New Perspectives on Treating Anxiety Depression and PTSD
Recovery from symptoms of anxiety, depression and PTSD is
a natural process when obstacles are removed.
People who have fully recovered from symptoms of anxiety, depression
and PTSD demonstrate an increased depth of understanding and appreciation of life and relationships along with increased clarity
of perceptions, values and priorities.
The primary obstacles to recovery from anxiety, depression, and PTSD
are 1) Physical, mental and emotional tension. 2) Conditions where symptoms provide secondary gain; and 3) Losing heart where
the client perceives being stuck in a situation that blocks growth and fulfillment.
(Tension involves resistance. Physical
tension is a continuous contraction of groups of muscles that tends to form patterns outside of normal awareness. Mental tension
results from patterns of thinking and perceiving that create narrow, inflexible and distorted perceptions and mental habits
that create physical tension. Emotional tension results from attempting to restrict the experience of emotion through muscle
contraction and breath holding. There tends to be consistent patterns of physical tension that are associated with resistance
to specific emotions.)
Physical tension limits perceptual flexibility, receptivity, and the capacity to experience
emotion while limiting awareness and the capacity for reflective thought. It creates non-productive negative thinking which
builds additional physical tension contributing to a self-escalating process. When tension builds, it creates an imbalance
in the Autonomic Nervous System (ANS) where the Sympathetic Nervous System (SNS), which stimulates muscle effort is over-activated
while the Parasympathetic Nervous System (PNS) which stimulates health maintenance and recovery is suppressed. The build-up
of tension triggers the release of stress hormones which, in turn, increase tension levels while limiting the ability to recover,
creating another self-escalating process. Patterns of tension form habits of posture and movement which build additional tension
on an ongoing basis.
All of the physical symptoms of anxiety can be explained by the build-up of excessive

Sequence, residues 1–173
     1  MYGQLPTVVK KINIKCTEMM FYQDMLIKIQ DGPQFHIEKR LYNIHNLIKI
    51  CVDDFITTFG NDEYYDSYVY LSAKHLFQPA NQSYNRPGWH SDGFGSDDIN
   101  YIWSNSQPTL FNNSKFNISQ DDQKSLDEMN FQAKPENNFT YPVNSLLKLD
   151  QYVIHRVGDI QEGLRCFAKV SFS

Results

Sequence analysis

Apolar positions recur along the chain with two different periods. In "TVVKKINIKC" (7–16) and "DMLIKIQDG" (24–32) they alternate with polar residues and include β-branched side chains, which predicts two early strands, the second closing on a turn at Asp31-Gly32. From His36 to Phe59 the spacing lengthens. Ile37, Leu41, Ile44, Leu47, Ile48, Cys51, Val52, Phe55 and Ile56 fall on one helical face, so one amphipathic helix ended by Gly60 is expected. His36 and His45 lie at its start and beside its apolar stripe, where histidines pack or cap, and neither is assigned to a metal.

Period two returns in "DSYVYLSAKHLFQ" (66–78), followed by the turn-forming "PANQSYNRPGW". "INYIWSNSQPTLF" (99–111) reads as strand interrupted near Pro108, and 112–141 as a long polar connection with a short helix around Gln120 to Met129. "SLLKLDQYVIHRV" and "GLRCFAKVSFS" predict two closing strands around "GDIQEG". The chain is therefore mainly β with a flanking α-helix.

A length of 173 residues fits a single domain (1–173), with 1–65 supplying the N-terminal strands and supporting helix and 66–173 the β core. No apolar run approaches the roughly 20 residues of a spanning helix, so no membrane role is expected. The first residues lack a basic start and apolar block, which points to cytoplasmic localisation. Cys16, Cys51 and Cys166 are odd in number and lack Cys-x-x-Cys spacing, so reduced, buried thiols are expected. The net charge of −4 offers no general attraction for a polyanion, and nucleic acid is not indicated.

muscle tension and increasing levels of stress hormones in the bloodstream. Cognitive symptoms of anxiety involve mental tension
which then contributes to the build-up of physical tension.
Depression is caused by a build up of emotional
tension which results from resisting emotion through physical tension and breath holding. This creates patterns of mental
tension which further compound the problem. The build-up of tension over time depletes energy and motivation as it diminishes
hope and clarity of self-perception. Depression is resolved by learning to fully accept emotion without resistance and breaking
habitual patterns that build physical and mental tension. Being able to consistently cry without tensing or breath holding
is evidence of the resolution of depression.
Posttraumatic Stress Disorder is caused by deep emotional tension
resulting from the perception of trauma. Fear is the predominant emotion in PTSD. The Amygdala, which is activated during
times of intense fear and can stimulate reactions which bypass the areas of the brain involved in logical thought, becomes
hypersensitive in PTSD. Recovery from PTSD involves resolving emotional tension by learning to experience emotion without
tensing and breath holding in an atmosphere of safety and control while restoring normal sensitivity to the Amygdala. Resolution
of physical and mental patterns of tension contributes to this process.
Full recovery from built-up tension
requires restoration of balance to the Autonomic Nervous System as well as the ability to accept emotions without resistance,
shift and reframe perceptions and redirect and clarify negative thoughts.
The resolution and prevention of
relapse for symptoms of anxiety, depression and PTSD involves 1) Understanding the nature of the disorder, causes of symptoms,
and the process of recovery; 2) Restoring and maintaining balance of the Autonomic Nervous System; 3) Development of awareness
of when tension starts to build and the ability to intervene to prevent it; 4) The ability to accept and fully experience
emotion and crying without tensing or breath-holding. 5) Development of awareness of when perceptions begin to narrow and
the ability to reframe them; and, 6) The ability to recognize negative thoughts that build tension and to clarify and redirect
The clinician’s role in the recovery process involves: 1) Creating an atmosphere where the client
feels understood, that their symptoms make sense, and their emotions are a normal response to their perceptions of their experiences.
2) Identifying obstacles to recovery including stress, relationship and/or health issues, addictions, problems and conflicts
while assisting in the process of removing them; 3) Timing interventions to match the readiness of the client to understand
and act upon them.
This requires 1) Balance, defined as the absence of tension, a state of relaxed receptivity and perceptual
flexibility; 2) Emotional openness indicated by an ability to experience and let go of emotions experienced by the client
without resistance or tension; 3) Receptivity to the perceptions and emotions, and experience of the client that is not blocked
by ego, attachment, judgment, or preconceptions.